• Creep: Slow, steady down slope movement of soil or rock, often indicated by curved tree trunks, bent fences or retaining walls, tilted poles or fences.
  • Debris flow Rapid mass movement in which loose soils, rocks, and organic matter combine with entrained air and water to form slurry that then flows down slope, usually associated with steep gullies.
  • Debris avalanche: It's variety of very rapid to extremely rapid debris flow.
  • Lahar Mudflow: It's also known as debris flow that originates on the slope of a volcano, usually triggered by heavy rainfall eroding volcanic deposits, sudden melting of snow and ice due to heat from volcanic vents, or the breakout of water from glaciers, crater lakes or lakes dammed by volcanic eruptions.
  • Mudflow: Rapidly flowing mass of wet material that contains at least 50 per cent sand, silt, and clay-sized particles.
  • Slides many types of mass movement are included in the general term "landslide." The two major types of landslides are rotational slides and translational landslides.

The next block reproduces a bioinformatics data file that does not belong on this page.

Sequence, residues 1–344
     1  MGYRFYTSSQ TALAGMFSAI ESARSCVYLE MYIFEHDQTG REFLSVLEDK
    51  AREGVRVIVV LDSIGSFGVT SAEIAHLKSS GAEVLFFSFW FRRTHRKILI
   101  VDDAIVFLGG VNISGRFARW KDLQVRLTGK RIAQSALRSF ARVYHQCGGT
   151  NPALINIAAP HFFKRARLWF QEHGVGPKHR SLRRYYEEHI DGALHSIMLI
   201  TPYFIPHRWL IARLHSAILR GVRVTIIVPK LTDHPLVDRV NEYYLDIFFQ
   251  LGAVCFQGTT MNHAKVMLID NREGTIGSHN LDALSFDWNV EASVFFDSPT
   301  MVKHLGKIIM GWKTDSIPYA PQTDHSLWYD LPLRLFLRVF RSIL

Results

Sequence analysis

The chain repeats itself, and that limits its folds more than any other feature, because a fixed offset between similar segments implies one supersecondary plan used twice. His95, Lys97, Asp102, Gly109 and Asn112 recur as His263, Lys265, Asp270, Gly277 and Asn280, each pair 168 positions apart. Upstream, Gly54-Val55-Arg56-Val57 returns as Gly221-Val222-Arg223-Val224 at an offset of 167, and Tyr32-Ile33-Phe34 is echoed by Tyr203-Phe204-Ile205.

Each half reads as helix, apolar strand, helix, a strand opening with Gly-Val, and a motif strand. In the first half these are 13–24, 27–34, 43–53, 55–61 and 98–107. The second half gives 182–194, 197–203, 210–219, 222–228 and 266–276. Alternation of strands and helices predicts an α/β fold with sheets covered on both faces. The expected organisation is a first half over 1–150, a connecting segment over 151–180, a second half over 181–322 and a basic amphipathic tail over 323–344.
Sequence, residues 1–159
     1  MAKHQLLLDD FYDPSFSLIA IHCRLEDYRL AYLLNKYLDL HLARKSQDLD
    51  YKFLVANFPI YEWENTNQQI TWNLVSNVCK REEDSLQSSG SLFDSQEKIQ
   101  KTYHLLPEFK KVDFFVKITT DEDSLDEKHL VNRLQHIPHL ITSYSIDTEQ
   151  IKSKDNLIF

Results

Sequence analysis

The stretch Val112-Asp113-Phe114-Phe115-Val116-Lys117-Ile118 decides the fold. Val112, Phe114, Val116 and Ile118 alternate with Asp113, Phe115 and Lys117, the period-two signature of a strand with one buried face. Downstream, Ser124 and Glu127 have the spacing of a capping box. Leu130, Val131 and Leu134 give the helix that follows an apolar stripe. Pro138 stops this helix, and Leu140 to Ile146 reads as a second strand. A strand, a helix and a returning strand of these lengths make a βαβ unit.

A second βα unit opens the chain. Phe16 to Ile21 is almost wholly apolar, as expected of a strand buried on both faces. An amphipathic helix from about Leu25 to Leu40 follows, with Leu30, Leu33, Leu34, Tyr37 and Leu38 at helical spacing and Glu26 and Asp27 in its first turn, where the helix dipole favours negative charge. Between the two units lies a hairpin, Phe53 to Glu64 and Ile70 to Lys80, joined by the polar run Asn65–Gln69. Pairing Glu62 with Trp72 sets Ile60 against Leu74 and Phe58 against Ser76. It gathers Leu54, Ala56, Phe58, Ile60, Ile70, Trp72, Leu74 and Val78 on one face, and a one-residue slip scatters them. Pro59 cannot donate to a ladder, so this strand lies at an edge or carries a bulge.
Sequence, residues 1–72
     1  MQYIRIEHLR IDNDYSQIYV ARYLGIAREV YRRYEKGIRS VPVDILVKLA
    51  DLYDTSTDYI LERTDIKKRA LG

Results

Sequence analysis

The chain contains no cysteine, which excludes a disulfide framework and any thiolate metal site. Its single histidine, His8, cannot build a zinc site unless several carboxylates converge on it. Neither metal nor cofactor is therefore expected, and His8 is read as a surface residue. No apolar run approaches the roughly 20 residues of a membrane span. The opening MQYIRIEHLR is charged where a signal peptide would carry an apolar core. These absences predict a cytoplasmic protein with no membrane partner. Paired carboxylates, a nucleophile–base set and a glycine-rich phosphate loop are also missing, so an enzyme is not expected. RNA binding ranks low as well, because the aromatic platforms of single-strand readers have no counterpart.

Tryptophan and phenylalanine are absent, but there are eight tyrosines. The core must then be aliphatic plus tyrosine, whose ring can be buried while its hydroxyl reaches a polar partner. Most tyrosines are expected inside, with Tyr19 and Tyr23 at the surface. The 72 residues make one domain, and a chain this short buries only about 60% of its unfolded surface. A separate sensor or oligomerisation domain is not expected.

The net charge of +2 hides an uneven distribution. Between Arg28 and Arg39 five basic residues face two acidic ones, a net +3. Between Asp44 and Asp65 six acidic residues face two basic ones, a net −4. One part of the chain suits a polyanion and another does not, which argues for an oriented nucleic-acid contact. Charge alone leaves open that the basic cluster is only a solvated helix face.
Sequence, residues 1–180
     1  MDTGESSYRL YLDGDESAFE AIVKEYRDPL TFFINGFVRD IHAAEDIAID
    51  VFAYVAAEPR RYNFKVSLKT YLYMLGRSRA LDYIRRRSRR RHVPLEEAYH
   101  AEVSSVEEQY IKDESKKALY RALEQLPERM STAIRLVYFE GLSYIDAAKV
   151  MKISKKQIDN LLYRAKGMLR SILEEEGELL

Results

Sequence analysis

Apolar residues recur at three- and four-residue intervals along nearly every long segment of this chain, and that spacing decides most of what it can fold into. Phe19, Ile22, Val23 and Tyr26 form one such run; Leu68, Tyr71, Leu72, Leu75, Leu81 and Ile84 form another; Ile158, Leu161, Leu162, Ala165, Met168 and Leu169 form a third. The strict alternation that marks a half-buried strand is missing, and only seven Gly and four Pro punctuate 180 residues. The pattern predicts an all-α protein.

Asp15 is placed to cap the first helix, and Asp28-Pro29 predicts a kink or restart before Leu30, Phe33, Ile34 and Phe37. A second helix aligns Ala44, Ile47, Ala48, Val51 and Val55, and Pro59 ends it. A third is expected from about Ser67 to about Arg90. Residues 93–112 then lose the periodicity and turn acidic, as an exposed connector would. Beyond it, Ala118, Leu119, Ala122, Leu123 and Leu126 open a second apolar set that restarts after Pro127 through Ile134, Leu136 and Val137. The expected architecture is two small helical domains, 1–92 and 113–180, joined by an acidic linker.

• Topple: A block of rock that tilts or rotates forward and falls, bounces, or rolls down the slope.
  • Lateral spreads: Often occur on very gentle slopes and result in nearly horizontal movement of earth materials. Lateral spreads usually are caused by liquefaction, where saturated sediments (usually sands and silts) are transformed from a solid into a liquefied state, usually triggered by an earthquake.

 

 

 

 

Adverse Effects

The most common elements at risk are the settlements built on the steep slopes, built at the toe and those built at the mouth of the streams emerging from the mountain valley. All those buildings constructed without appropriate foundation for a given soil and in sloppy areas are also at risk. Roads, communication lines are vulnerable.